Monday, April 29, 2013

Can A Submissive Be A Feminist?

And, likewise, can a feminist be submissive?

I know what you're thinking and I can see you all whispering to each other: "Oh my god," you whisper, "she's using the F word!! What's wrong with her? Doesn't she know this is a kinky book review blog?? Why would she say the F word? That F word??" 

Well, I promised you social commentary in my About Me section and I don't lie! So, social commentary you shall receive. Brace yourselves.

This topic has come up for me repeatedly over the last few weeks – how feminism relates to BDSM or Domestic Discipline or any kink that puts the male and female into what appears on the surface as traditional gender roles. You know, where the man leads and the woman submits. Is it a contradiction to say that the woman is a feminist if she allows the man to lead? This applies to both relationships that are mostly egalitarian but have the power imbalance in the bedroom and relationships that are completely structured on power exchange in all areas of their life and any combination thereof.

For me, the answer was always no, it’s not a contradiction at all. Not when the women who engage in such relationships are CHOOSING to be there and enjoying the ride. Let me explain. This might get lengthy. You’ve been warned.

Excuse me while I take off my bra and pull up my soapbox.


When I was in college I wrote the sex column for my school’s paper (surprised? me too) and my very first article addressed this exact question. It’s a personal question for me, because I happen to be submissive and masochistic and very perverted in many ways and I was already involved in the BDSM lifestyle by that time. I also have very strong opinions on the Women’s Rights Movement (and really all Civil Rights)... I identify as a feminist. I’d like to see a society where any person has the opportunity to pursue their dreams, whatever they may be (you know, excluding the sociopathic types… I’m not into their rights at all and wouldn’t shed any tears if their dreams of being crazy evil were dashed).  

I find that the reason for all this confusion about how a feminist can possibly be happy to submit to a man, to be spanked, sexually objectified… whatever the kink, hell washing dishes and staying home to raise the kids while he (manly man that he is) goes out and hunts for bacon… it’s because the definition of feminism has been partly lost or maybe muddied. People mostly associate feminism with the Redstocking’s Manifesto of 1969, which is very extreme and started the 1970s movement that promoted equal rights for getting women into the workforce and such. Unfortunately, it also promoted the idea that men are the enemy. That’s where the idea that all men oppress all women came from. It’s very black and white. No discussion of race, class, age, sexual orientation, etc. It reinforced the binary system it rebelled against, i.e. man has power, woman does not. And so now there’s a backlash. It’s understandable. It’s also very frustrating.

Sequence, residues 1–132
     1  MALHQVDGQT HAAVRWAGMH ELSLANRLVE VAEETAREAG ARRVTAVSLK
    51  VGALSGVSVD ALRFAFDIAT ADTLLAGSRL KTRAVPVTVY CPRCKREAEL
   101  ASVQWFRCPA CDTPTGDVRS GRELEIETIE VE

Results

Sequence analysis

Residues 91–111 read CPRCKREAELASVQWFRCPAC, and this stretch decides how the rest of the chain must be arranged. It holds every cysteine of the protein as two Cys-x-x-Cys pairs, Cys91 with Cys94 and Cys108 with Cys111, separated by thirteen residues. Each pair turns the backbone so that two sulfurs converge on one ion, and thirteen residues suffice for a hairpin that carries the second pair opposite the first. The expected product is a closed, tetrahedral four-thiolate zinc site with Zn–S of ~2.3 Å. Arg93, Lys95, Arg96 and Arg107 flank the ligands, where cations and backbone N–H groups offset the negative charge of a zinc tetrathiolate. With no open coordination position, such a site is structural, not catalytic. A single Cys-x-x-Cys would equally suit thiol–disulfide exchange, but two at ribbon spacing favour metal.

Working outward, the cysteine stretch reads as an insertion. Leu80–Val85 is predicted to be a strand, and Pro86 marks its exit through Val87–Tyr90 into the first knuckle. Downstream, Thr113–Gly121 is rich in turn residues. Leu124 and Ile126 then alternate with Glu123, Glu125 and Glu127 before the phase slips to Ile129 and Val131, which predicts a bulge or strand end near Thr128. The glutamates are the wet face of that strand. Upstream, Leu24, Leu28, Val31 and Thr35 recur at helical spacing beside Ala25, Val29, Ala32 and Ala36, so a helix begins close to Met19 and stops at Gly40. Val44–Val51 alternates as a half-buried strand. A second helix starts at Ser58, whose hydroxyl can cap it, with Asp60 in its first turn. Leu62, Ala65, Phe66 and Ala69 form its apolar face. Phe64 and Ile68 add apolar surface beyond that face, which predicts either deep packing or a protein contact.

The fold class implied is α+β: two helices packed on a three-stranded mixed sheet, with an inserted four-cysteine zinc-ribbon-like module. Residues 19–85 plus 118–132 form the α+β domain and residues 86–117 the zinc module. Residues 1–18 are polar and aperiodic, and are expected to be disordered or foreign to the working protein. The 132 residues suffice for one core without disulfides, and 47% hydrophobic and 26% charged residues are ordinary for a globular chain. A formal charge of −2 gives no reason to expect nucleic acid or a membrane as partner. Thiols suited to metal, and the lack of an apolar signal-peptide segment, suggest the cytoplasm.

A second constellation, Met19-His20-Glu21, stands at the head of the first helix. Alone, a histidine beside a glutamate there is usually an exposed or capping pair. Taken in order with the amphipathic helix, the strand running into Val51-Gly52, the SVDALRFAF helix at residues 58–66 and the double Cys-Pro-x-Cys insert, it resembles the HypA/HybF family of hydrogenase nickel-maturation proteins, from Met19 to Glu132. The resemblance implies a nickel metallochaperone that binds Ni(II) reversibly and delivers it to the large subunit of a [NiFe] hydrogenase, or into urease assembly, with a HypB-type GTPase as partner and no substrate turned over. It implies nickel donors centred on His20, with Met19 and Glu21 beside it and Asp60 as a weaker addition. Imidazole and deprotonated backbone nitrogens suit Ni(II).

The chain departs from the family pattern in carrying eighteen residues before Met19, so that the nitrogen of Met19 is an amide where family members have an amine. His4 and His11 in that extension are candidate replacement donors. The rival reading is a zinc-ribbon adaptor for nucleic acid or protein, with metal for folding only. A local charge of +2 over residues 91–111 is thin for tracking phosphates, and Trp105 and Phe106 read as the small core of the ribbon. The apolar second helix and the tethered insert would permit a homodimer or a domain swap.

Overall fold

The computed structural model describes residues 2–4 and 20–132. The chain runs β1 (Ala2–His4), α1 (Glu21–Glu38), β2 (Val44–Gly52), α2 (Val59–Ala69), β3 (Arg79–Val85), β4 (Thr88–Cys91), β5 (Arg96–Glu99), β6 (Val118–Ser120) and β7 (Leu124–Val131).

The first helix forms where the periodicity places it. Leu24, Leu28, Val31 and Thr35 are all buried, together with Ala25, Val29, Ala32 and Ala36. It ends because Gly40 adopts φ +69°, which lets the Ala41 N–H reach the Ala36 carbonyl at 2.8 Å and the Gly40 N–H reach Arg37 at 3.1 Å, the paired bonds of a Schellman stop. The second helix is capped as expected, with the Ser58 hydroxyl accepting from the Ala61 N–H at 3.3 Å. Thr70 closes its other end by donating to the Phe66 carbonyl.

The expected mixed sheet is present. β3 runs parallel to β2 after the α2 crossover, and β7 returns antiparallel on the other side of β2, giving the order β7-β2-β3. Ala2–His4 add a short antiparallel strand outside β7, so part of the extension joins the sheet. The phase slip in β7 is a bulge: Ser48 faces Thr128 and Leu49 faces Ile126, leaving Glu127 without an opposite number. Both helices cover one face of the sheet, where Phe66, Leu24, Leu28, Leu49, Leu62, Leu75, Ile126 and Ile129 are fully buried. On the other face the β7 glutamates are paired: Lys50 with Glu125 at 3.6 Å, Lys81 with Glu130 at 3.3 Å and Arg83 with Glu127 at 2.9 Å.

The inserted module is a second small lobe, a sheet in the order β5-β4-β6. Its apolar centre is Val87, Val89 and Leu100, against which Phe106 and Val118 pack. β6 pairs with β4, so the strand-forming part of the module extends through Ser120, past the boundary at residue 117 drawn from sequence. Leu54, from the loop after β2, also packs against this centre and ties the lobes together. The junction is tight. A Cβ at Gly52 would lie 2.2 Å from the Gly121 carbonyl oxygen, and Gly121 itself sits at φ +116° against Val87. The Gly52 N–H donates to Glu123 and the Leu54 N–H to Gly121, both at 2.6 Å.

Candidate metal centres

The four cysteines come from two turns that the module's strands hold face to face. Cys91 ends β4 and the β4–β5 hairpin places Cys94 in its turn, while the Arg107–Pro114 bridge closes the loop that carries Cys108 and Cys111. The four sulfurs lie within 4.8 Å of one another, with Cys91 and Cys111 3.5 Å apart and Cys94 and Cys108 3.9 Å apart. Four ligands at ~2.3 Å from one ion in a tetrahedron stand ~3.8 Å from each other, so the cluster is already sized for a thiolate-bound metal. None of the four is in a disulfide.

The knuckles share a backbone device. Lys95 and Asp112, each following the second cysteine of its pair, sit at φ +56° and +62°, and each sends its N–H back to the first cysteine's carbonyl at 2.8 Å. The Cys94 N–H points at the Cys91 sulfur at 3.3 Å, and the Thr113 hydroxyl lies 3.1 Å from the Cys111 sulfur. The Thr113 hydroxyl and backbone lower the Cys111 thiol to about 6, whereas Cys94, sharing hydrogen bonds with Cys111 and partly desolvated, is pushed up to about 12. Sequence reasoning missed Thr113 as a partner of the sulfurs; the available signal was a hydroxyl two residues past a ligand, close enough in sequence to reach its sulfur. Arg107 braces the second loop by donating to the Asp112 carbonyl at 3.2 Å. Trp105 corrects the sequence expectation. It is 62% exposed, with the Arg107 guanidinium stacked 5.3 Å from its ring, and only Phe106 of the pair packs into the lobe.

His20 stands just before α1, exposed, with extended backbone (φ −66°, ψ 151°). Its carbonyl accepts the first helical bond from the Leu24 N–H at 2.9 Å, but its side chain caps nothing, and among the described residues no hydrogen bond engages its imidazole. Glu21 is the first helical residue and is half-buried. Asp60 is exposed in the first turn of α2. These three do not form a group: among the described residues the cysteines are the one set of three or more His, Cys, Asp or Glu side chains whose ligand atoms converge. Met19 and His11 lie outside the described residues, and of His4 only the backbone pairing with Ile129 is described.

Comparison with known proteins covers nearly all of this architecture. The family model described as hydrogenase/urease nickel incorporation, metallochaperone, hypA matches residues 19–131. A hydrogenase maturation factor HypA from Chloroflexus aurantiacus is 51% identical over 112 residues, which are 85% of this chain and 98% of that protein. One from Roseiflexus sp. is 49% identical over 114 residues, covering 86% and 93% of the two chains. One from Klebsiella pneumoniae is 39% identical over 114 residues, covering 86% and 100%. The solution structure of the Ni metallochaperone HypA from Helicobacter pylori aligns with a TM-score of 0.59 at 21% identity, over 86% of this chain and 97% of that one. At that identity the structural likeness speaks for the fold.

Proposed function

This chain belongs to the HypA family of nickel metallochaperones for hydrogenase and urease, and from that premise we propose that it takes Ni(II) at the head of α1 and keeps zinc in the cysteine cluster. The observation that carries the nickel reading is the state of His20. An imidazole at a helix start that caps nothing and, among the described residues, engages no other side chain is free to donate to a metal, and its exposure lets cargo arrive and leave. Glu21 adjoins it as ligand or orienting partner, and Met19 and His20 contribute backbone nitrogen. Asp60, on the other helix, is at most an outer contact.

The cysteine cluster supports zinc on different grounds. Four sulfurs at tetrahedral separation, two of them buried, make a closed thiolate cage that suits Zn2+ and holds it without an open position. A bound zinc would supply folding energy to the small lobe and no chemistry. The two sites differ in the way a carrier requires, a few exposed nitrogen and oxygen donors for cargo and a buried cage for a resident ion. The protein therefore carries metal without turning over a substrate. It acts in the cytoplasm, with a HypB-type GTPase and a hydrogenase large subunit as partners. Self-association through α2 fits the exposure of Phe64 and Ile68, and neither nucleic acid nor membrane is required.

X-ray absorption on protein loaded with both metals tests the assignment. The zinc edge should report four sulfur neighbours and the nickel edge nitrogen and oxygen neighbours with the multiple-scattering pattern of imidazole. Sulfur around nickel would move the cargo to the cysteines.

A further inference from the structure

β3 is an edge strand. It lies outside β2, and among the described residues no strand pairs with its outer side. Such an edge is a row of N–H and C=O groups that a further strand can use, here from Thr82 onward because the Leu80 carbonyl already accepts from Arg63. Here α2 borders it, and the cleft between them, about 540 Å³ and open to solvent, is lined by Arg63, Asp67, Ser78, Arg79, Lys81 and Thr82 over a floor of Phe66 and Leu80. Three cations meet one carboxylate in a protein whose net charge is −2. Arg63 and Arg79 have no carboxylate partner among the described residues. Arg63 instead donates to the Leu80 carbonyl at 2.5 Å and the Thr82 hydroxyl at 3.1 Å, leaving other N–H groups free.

I minored in Women’s Studies in College and so I have read enough feminist theory to last me a lifetime and happen to know that there isn’t one school of thought that unites all feminist thought. Everyone’s got an opinion. Thankfully, this isn’t a paper on feminist theory. I just might poke my eyes out if it were. The point in discussing the differences in feminist thought is that the one underlying thought that DOES, in fact, unite most feminist thought is that feminism is about equality in Civil Rights, equal opportunity, equal value, and the freedom to make CHOICES about how to live life in a way that is most fulfilling to each individual woman (or man or transgendered or however the person identifies) without being shamed for it.  

That means that if a woman chooses to act on her submissive cravings and explore unequal power dynamics in her sexual relationships and maybe even extend that to other parts of her life – choosing a subservient role in the relationship, then that means she is fulfilling HER desires. This makes her strong and powerful in a way. She is actively seeking out the fulfillment to her desires. That is empowering. That is feminism. At least to me that is what feminism stands for.  

I reconciled this ages ago for myself and I hope that this post might help other women, who may not have been sure how to deal with these seemingly conflicting paradigms to come to terms with their cravings and not worry that it’s going against what is expected of them by society.

No comments:

Post a Comment